Two Ways to KetoWelcome to Keto Sister.  If this is your first time here, I highly recommend that you start with my Keto Basics series.  If you have been here before, then welcome back!  I hope today’s post offers some insights into two strategies that be utilized for maintaining your low carb lifestyle.

Getting into Ketosis

My recommendations for beginning your low carb journey are similar to those of other keto experts.  I advise my clients to:

  1. Reduce total impact carbohydrates in foods to 20 grams per day for about two weeks.
  2. Increase fat grams to 200 grams per day from quality, whole food sources such as butter, coconut, olives, avocado, and animal fats (to name my favorites).
  3. Eat an appropriate amount of protein for your height, sex, lean mass, activity levels and goals. I recommend starting with a range of 0.6-1.0 grams per pound of lean mass (total weight minus body fat). As a woman whose lean mass totals 115, my protein range for inducing ketosis is between 69-115 grams.  Low is a better place to start because the body is sensitive to glucose and will turn any excess protein to glucose, which can delay producing and using ketones.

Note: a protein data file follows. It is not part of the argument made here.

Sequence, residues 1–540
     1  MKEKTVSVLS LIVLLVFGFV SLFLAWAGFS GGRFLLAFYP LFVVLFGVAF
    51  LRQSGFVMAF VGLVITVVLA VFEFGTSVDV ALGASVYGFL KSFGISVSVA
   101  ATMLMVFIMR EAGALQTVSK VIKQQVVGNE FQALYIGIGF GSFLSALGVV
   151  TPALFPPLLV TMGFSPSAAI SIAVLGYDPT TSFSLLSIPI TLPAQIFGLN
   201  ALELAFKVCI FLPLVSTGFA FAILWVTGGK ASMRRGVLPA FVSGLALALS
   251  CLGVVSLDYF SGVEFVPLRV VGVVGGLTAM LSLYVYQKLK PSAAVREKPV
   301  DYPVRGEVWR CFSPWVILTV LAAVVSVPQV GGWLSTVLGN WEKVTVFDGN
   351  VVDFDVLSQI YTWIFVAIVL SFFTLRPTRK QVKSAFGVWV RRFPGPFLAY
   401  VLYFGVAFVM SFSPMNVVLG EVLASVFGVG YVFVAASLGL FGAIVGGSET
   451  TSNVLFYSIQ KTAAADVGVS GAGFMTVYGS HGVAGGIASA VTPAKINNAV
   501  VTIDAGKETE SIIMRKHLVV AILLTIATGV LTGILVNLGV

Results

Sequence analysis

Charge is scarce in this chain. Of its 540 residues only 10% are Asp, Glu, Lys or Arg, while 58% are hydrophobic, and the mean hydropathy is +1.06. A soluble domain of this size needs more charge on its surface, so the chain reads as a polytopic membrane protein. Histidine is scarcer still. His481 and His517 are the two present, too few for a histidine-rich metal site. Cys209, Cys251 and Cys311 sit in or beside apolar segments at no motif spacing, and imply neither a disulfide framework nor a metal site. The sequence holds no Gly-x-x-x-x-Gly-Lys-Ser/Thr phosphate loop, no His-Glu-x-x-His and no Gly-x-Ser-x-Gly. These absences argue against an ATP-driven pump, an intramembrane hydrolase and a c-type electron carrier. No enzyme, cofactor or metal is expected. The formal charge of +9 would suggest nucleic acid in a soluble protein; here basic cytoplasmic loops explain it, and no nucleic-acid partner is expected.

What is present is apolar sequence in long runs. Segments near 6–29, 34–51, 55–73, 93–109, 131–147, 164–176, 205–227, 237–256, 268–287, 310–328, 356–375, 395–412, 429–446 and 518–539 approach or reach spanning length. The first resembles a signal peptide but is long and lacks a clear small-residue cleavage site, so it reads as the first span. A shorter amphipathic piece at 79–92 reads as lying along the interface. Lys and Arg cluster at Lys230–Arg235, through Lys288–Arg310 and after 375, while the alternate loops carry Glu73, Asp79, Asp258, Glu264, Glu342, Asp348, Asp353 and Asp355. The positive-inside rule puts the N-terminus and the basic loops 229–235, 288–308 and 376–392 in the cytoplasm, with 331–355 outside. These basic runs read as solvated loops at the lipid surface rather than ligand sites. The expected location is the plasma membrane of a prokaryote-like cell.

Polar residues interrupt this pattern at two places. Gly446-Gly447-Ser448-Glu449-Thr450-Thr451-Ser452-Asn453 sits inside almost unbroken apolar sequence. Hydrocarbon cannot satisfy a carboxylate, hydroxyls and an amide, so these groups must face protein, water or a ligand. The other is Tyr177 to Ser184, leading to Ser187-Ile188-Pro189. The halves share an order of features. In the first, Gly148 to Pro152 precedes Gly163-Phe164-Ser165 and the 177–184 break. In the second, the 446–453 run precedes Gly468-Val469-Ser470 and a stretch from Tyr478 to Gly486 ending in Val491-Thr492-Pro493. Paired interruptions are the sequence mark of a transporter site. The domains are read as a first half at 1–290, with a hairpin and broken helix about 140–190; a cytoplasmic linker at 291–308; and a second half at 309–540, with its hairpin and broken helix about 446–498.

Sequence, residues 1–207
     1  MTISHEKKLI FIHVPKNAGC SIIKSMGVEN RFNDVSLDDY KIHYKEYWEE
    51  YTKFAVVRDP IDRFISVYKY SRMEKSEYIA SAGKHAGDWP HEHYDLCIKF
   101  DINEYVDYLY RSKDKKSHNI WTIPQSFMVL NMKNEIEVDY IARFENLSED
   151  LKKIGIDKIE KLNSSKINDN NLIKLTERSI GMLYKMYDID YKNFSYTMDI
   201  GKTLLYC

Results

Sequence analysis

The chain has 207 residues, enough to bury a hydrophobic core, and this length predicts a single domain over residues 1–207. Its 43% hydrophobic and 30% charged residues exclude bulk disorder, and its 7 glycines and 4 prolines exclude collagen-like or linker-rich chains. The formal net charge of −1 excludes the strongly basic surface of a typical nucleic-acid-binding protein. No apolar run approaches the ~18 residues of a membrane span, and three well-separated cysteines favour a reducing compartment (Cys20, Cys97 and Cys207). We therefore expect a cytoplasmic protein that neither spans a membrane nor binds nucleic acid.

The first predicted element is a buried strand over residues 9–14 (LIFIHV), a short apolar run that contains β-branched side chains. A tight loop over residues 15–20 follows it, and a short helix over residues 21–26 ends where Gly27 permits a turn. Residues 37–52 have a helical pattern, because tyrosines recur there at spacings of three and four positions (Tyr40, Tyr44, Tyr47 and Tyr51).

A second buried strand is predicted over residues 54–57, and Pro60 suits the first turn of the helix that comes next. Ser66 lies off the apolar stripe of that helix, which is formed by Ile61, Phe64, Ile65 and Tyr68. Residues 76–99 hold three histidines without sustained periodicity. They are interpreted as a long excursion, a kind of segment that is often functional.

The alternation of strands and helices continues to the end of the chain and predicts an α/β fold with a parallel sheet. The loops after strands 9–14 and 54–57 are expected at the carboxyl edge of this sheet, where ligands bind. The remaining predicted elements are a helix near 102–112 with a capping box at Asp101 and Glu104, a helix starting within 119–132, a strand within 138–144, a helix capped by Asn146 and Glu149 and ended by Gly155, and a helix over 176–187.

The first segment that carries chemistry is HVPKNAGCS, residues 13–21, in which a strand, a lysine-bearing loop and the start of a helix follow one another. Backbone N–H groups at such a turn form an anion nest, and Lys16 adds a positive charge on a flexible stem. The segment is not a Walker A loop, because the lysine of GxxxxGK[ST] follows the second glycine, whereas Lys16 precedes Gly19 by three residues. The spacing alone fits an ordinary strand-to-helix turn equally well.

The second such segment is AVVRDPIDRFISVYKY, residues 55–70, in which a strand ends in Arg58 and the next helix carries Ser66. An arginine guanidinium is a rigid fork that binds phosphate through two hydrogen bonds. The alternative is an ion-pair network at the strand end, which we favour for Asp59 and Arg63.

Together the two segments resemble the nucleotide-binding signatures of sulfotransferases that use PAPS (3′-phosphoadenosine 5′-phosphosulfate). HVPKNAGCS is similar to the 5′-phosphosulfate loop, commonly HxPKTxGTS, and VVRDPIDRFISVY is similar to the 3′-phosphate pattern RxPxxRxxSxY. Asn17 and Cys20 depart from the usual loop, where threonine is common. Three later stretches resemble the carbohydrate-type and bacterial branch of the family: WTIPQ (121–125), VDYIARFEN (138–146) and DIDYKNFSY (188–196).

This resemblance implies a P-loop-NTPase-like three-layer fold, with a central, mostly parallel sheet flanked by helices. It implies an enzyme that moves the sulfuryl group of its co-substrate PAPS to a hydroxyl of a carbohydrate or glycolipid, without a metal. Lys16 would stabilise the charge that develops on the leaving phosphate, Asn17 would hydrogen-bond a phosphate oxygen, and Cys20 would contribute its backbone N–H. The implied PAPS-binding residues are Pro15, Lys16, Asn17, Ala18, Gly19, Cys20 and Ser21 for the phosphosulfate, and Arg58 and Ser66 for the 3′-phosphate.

Once glycogen stores are depleted and the body is burning fat as its primary fuel source, there are two ways to go about maintaining ketosis.  I call these methods Classic Keto and Keto Hybrid.

Classic Keto

With a classic ketogenic diet, a person typically continues to eat the same ratios of food eaten to get into nutritional ketosis.  This method was first introduced to me by my early “keto gurus,” if you will: Stephanie “Keto” Person, Jimmy Moore, Eric Westman, and Maria Emmerich.  To follow a Classic Keto approach, you would continue to eat very low carb–under 50 grams net carbs and for many, even under 30 grams is needed—to maintain high ketone production.  Additionally, you can increase protein to an extent but protein consumption often has to be limited as well.  Fat grams do not have to be limited to maintain ketosis, though some find that limiting dietary fat helps them to shed excess body fat.  This is fine as long as you determine the right amount to eat to maintain your metabolism.  The Classic Keto method usually is extremely high in fat and much lower in other macronutrient groups: 80% fat, 15% protein and 5% net carbs.

There are benefits to maintaining ketosis with Classic Keto:

  • This is the least expensive method.
  • It almost guarantees ketosis for everyone who eats this way.
  • People often see a big loss on the scale following this method.  (It is water weight mostly, but if you have a lot to lose then losing water and inflammation is a big part of the process.)
  • It is the fastest way to regain insulin sensitivity, reduce blood sugar and convince the body to burn ketone bodies.
  • Classic Keto is great for controlling hunger and satisfying the body on less food.
  • Fasting is easy on this method. The elimination of hunger makes it easy to go long periods without eating and without struggling if you stay well hydrated.